Easter blessings from UCAN
There is no more important week in the year for Christians than this Holy Week. We call it Holy because of the mystery we celebrate - God's gift of His son who loves us to his death on Calvary and beyond.
Because of that love, we wish each other Happy Easter even when we know there is a lot of tragedy about it - Good Friday. As Christians, we know that what we see happening with and in Jesus goes to the heart of what we know from our own experience of life.
At the Second Vatican Council, the Christian lives we all lead were described as being shares in the Paschal Mystery. We have our share in the death and resurrection of Jesus every day. Our lives are part of the Paschal Mystery.
At UCAN, we work to describe that mystery in the unfolding tragedies and astonishing blessings of the people we seek out and report, feature and comment on.
While at times deeply distressing work, this effort of ours gets its coherence in the same way the death of Jesus did - because of the astonishing grace of a God who never gives up on life and love.
Because of that, we can wish you Happy Easter.
Fr. Michael Kelly SJ
- November 1, 2012
First among the saints is the Blessed Virgin Mary, the Holy Mother of God; and following her are the apostles, the men chosen by Our Lord himself to carry on his mission. Then come the martyrs, the first witnesses of the faith in every local Church. We find numerous women among them, virgins foremost; but there are also the mothers of families, founders of religious groups, and queens and noblewomen as well. Then there are the doctors of the Church, those learned saints whose teachings have influenced, and whose lives have inspired countless generations. Missionaries, pastors and confessors, the list goes on and on.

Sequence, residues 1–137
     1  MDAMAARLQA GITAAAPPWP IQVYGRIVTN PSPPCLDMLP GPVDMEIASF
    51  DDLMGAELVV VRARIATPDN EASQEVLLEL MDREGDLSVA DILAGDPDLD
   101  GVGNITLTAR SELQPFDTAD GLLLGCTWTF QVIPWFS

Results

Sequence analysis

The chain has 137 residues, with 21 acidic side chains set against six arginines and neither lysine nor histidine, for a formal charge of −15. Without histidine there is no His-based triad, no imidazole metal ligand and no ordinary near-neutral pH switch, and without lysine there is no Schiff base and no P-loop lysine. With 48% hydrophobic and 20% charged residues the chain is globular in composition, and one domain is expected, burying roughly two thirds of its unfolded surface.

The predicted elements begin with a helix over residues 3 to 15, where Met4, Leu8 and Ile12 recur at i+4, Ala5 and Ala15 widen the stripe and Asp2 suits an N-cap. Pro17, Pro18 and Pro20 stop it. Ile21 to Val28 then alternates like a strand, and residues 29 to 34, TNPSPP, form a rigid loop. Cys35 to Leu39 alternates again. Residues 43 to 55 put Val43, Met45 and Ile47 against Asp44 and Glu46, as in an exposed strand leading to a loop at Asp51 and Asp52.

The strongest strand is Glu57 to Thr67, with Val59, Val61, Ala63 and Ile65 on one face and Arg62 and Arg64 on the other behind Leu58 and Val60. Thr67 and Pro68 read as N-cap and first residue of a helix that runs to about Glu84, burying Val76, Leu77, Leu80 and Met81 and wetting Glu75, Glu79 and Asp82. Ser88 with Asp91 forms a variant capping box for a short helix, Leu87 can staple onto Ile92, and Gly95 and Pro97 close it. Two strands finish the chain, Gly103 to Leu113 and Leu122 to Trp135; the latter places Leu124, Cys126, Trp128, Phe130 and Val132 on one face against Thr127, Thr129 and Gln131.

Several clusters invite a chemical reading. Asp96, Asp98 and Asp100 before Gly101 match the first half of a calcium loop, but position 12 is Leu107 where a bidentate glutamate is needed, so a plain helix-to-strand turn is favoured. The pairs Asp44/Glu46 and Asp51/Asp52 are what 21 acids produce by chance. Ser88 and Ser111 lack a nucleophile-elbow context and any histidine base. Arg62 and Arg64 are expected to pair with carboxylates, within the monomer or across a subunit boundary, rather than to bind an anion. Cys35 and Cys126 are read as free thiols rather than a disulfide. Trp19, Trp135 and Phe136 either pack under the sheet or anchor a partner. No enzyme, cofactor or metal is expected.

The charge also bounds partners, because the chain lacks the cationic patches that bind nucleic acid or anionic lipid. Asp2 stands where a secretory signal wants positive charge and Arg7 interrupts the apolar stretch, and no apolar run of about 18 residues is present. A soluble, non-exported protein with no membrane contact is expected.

Today, November 1st, is the day to remember them.
This feast goes back to the 4th century, when the Syrian Church honoured its martyrs. In the seventh century, Pope Boniface IV dedicated the Pantheon, an early Roman temple, to Our Lady and the martyrs in Rome. Gradually, the feast grew in universality, until its present date in the calendar.
Today âsainthoodâ has a bad press, and the young as well as the old feel that the saints led curious lives, sacrificing human joy and creativity for some kind of crippling obedience to Godâs call. People protest with embarrassment that âthey arenât saints,â repressed and mortified, but âregular human beingsâ.
Nothing could be further from the truth.
To be holy is to discover and cherish the truth of oneâs life, and to express it with joy and courage. In an age which promotes âcopycatâ living, the saint is the genuine, authentic article. Thatâs why no two saints are similar, whereas most celebrity lives are boringly so. Today we draw inspiration from the men and women of all times who had the courage to follow their star.